became the world’s first billion-dollar corporation
Supreme Court barely ruled that the Constitution did not have full authority on how to deal with the islands (Cuba and Puerto Rico), essentially letting Congress do whatever it wanted with them; basically, the cases said the island residents do not necessarily share the same rights as Americans
This amendment said that (1) the U.S. could intervene and restore order in case of anarchy, (2) that the U.S. could trade freely with Cuba, and (3) that the U.S. could get two bays for naval bases, notably Guantanamo Bay
Nullified the 1850 Clayton-Bulwer Treaty with Britain that forbade
the construction by either country of a canal in the Americas without the other’s consent and help
Initiated irrigation projects for the western states
Coalmines of Pennsylvania, and some 140,000 workers demanded a 20% pay increase and the reduction of the workday to nine hours; Finally, after the owners refused to negotiate and the lack of coal
was getting to the freezing schools, hospitals, and factories during
that winter, TR threatened to seize the mines and operate them with federal troops if he had to in order to keep it open and the coal coming to the people
The ICC, which was inqdequetly doing it job, was supplemented with the Act that fined railroads that gave rebates and the shippers that accepted them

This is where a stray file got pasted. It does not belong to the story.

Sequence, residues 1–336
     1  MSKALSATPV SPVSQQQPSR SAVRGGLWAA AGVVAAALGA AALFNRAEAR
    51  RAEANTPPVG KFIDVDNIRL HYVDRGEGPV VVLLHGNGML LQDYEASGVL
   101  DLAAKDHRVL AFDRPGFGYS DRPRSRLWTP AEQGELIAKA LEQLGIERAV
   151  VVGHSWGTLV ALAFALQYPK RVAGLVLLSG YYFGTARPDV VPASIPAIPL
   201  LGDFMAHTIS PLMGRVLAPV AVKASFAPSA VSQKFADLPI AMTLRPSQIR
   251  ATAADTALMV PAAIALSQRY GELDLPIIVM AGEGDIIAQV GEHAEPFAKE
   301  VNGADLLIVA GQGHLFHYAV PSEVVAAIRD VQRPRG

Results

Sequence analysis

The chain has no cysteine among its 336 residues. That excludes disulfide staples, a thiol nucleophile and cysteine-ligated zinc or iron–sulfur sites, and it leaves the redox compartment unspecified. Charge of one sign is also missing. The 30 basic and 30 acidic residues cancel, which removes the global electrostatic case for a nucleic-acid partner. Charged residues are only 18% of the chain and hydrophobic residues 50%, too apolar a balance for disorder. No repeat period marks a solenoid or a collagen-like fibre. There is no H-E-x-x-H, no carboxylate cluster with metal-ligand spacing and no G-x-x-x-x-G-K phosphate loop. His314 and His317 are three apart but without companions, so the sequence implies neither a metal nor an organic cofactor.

Cabinet position which also established the Bureau of Corporations, which was allowed to probe businesses engaged in interstate commerce; it was highly useful in “trust-busting.”
Began with the killing of a Chinese civilian and a donkey, and when Colombia tried to stop it, the U.S., citing an 1846 treaty with Colombia, wouldn’t let the Colombian fleet through.
Gave a widened (6x10 mi.) Panamanian zone to the U.S. for $15 million to build the canal
Stated that in future cases of debt problems, the U.S. would take over and handle any intervention in Latin America on behalf of Europe, thus keeping Europe away and the Monroe Doctrine intact; it said in effect, no one could bully Latin America except the U.S
The Supreme Court upheld TR’s antitrust suit and ordered Northern Securities to dissolve
In 1904, construction began on the Panama Canal, but at first, problems with landslides and sanitation occurred; the canal was finally finished and opened in 1914, at a cost of $400 million
British wanted to maintain Indian bufferstates to keep their fur trades in the Great Lakes region and supplied weapons to the Natives
The U.S. Army defeated the Native Americans under Shawnee Chief Blue Jacket and ended Native American hopes of keeping their land that lay north of the Ohio River
Pasha of Tripoli declared war on America in 1801 for not paying shipping access and 4 years of intermittent battling ensued; Jefferson sent the navy to force a peace treaty in 1805;
battle between Americans and Native Americans, Tecumseh and the Prophet attempted to oppress white settlement in the West, but were defeated by William Henry Harrison; also ends Tecumseh's attempt to unite all tribes in Mississippi and led to talk of Canadian invasion and served as a cause to the War of 1812